Saturday, February 8, 2014

More on the Changing World of Higher Ed

In my previous post I highlighted a new report from The Delta Cost Project at the American Institutes of Research (click here for the report).  Below is another graph from the report:



Here is some of what Timothy Taylor (from the blog the Conversable Economist) says about it:

The picture that emerges from all this is fairly clear. When it comes to employment, colleges and universities have tried to hold down faculty costs in dealing with the expanding numbers of students by the use of time-contract faculty and part-timers. The nonprofessional staff are dealing with the increased number of students by using improved information technology and other capital investments, without a need for  a higher total number of staff. But the number of professional staff is rising, both in absolute terms and relative to the number of students. Desrochers and Kirshstein report these patterns in a neutral tone: "Growing numbers of administrative positions (executive and professional) and changes in faculty composition represent long-standing trends. The shifting balance among these positions has played out steadily over time in favor of administrators, and it is unclear when a tipping point may be near. Whether this administrative growth constitutes unnecessary “bloat” or is justified as part of the complexities involved in running a modern-day university remains up for debate."

I'll only add that institutions are defined by their people. As the full-time and tenured faculty become a smaller share of the employees of the institution and the professional administrators become a larger share, the nature and character of the institution inevitably changes. In this case, colleges and universities have become less about faculty, teaching, and research, and more about the provision of professional services to students and faculty. As far as I know, this shift was not planned or chosen, and the costs and benefits of such a shift were not analyzed in advance. It just happened.

His last paragraph is quite telling, since it is pretty clear to me that the "character" of many institutions has already changed.  For example, the practice of management in higher education now operates as a kind of "corporation envy" and the administrators view themselves as industrial managers in a "command and control" environment, not as colleagues engaged in the practices of teaching and learning.  One example of this:  the idea of "shared governance" is already diminished as faculty are increasingly viewed as "contract employees" who are necessary for the delivery of service, but unnecessary for the maintenance of the culture of the institution of higher education.  Whereas faculty tend to view their responsibility as educating students, administrators see their role as placating customers.  Whereas faculty tend to see the development and propagation of quality as a major challenge, administrators see "brand management" via "happy customers" as the key challenge.  The disparity of these two views of the role of institutions of higher education leads to predictable dysfunctions (for both faculty and administrators).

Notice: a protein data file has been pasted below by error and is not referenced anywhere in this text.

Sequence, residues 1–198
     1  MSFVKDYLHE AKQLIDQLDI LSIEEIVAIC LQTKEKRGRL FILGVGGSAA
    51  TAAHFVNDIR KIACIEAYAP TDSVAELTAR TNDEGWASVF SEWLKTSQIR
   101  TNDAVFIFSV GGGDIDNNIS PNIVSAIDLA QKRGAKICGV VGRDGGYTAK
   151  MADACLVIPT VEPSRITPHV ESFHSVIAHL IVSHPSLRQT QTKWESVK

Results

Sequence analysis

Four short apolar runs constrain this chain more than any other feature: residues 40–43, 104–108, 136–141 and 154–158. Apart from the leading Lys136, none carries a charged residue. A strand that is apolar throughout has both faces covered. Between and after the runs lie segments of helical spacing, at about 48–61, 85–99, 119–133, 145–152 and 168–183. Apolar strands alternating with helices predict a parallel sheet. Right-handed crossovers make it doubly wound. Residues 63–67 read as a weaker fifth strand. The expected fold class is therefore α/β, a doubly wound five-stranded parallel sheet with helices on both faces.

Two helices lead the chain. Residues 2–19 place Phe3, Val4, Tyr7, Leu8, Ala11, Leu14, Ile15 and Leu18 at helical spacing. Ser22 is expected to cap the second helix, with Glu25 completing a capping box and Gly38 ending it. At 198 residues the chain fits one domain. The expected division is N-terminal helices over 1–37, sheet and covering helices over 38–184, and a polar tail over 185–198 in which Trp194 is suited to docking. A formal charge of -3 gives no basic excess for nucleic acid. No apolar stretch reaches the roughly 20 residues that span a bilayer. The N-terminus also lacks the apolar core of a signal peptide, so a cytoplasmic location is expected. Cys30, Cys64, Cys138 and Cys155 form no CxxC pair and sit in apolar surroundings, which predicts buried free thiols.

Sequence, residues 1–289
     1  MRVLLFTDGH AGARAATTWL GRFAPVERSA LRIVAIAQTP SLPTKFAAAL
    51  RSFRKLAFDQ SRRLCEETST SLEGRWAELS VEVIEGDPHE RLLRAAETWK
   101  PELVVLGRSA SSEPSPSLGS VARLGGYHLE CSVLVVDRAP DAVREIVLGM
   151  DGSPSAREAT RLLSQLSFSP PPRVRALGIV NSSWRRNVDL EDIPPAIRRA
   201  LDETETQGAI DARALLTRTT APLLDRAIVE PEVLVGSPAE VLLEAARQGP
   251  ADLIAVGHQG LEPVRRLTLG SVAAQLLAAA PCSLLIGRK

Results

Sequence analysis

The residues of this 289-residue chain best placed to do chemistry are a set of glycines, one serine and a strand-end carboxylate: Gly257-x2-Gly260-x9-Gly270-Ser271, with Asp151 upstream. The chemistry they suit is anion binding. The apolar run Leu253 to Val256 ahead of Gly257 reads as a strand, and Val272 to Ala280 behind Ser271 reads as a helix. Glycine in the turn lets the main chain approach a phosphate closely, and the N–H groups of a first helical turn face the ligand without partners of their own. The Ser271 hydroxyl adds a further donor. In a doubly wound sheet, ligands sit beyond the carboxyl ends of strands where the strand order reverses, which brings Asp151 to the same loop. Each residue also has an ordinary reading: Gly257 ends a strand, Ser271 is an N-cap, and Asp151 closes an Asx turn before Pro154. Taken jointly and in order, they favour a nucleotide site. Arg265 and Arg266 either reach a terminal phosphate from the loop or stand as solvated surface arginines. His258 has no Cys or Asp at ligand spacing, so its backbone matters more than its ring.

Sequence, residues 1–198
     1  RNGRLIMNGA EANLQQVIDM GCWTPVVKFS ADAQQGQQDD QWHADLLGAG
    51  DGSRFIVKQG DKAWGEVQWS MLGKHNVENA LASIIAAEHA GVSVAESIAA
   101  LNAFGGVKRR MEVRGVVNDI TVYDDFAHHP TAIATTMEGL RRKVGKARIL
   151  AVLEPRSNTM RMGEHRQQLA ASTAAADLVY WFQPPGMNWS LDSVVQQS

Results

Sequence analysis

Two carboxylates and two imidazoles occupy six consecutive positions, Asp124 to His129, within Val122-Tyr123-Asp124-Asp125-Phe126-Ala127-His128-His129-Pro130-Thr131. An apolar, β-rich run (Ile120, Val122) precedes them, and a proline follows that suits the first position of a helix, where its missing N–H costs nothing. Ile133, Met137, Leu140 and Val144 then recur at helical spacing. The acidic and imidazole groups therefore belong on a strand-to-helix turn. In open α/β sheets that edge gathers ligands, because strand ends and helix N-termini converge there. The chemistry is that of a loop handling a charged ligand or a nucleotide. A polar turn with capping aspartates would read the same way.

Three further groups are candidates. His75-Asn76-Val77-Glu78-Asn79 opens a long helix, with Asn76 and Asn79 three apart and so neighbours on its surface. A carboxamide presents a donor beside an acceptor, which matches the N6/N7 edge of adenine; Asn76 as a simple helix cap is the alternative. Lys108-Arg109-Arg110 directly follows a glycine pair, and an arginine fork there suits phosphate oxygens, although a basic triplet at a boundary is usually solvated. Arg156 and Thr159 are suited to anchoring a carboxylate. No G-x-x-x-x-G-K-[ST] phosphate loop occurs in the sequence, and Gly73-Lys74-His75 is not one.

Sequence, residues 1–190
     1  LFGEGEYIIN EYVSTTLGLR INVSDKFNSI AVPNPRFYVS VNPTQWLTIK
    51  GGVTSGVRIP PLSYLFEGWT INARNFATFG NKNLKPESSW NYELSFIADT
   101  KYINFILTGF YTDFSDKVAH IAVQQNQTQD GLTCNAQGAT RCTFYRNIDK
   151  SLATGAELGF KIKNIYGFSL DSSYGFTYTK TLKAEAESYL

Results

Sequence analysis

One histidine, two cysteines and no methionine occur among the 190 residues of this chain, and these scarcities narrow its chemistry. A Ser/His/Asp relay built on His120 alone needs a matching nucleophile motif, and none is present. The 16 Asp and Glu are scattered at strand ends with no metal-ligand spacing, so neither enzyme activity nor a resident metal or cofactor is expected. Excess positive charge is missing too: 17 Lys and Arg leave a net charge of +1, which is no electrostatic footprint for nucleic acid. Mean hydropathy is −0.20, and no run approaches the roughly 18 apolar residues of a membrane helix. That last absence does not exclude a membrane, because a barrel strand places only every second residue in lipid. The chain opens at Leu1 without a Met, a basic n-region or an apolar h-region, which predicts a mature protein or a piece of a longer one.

Wednesday, February 5, 2014

The changing world of Higher Ed

There are lots of opinions about what is wrong with Higher Ed., what has happened, what needs to be done, etc.  It's a big issue and, like most big issues, there are many ways to examine it.  One thing is pretty clear, however, and that is the fact that Higher Ed. has increasingly become an organizational form expected to address social problems.  Thus Higher Ed. continues to add departments that are, viewed in the best light, forms of social support for students who are less and less prepared to do college work.  The graph below is an interesting snapshot of this trend.

http://chronicle.com/img/photos/biz/05-Delta-Cost-daily.gif

Wednesday, August 7, 2013

A Wasted Financial Crisis???

Adam Davidson at the New York Times asks: Did we waste a financial crisis?  (see here).  Davidson says:

Remarkably, five years after the crisis, the health of the financial industry is just as hard to determine. A major bank or financial institution could meet every single regulatory requirement yet still be at risk of collapse, and few of us would even know it.

So, while Republicans block every attempt at financial reform and Democrats (those who aren't secretly glad the Republicans are blocking reform) go on the talk shows and decry how "hard" they are trying, the rest of us are stuck with a huge bill for stabilizing the financial sector with the added insult that it most certainly can happen again.


Sunday, August 4, 2013

Once again: Why we call it "the Great Recession"

CalculatedRisk updates it's (very informative) graph (see here for more ):


Read Robert Putnam's essay in the New York Times

Robert Putnam's essay "Crumbling American Dreams" is surely worth a read (see here).  Below is a quote from the concluding paragraph:

The crumbling of the American dream is a purple problem, obscured by solely red or solely blue lenses. Its economic and cultural roots are entangled, a mixture of government, private sector, community and personal failings. But the deepest root is our radically shriveled sense of “we.”

Monday, April 29, 2013

Tuesday, April 16, 2013

The power of "tax expenditures"

Timothy Taylor over at the Conversable Economist (see here) has a very informative post on "tax expenditures" ("a provision of the tax code that looks like government spending: that is, it takes tax money that the government would otherwise have collected and directs it toward some social priority" as he describes it).  He shows the following table that makes for interesting reading.